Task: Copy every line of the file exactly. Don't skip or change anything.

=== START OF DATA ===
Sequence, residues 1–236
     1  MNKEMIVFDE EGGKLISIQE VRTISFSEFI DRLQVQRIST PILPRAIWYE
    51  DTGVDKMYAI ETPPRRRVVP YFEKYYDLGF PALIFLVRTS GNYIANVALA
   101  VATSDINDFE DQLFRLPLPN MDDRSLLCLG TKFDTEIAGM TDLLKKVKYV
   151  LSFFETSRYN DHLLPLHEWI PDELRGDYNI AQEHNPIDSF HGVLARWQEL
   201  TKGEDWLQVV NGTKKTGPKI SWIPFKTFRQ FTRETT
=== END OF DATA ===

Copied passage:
Sequence, residues 1–236
     1  MNKEMIVFDE EGGKLISIQE VRTISFSEFI DRLQVQRIST PILPRAIWYE
    51  DTGVDKMYAI ETPPRRRVVP YFEKYYDLGF PALIFLVRTS GNYIANVALA
   101  VATSDINDFE DQLFRLPLPN MDDRSLLCLG TKFDTEIAGM TDLLKKVKYV
   151  LSFFETSRYN DHLLPLHEWI PDELRGDYNI AQEHNPIDSF HGVLARWQEL
   201  TKGEDWLQVV NGTKKTGPKI SWIPFKTFRQ FTRETT